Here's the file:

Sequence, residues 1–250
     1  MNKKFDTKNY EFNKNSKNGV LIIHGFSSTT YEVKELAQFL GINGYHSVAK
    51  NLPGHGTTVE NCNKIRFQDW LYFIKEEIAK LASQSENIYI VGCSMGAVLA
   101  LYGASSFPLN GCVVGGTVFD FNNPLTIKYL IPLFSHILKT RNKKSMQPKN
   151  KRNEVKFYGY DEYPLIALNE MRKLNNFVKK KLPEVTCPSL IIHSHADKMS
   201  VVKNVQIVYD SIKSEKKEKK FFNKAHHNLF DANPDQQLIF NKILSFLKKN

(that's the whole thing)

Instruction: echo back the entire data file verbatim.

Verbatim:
Sequence, residues 1–250
     1  MNKKFDTKNY EFNKNSKNGV LIIHGFSSTT YEVKELAQFL GINGYHSVAK
    51  NLPGHGTTVE NCNKIRFQDW LYFIKEEIAK LASQSENIYI VGCSMGAVLA
   101  LYGASSFPLN GCVVGGTVFD FNNPLTIKYL IPLFSHILKT RNKKSMQPKN
   151  KRNEVKFYGY DEYPLIALNE MRKLNNFVKK KLPEVTCPSL IIHSHADKMS
   201  VVKNVQIVYD SIKSEKKEKK FFNKAHHNLF DANPDQQLIF NKILSFLKKN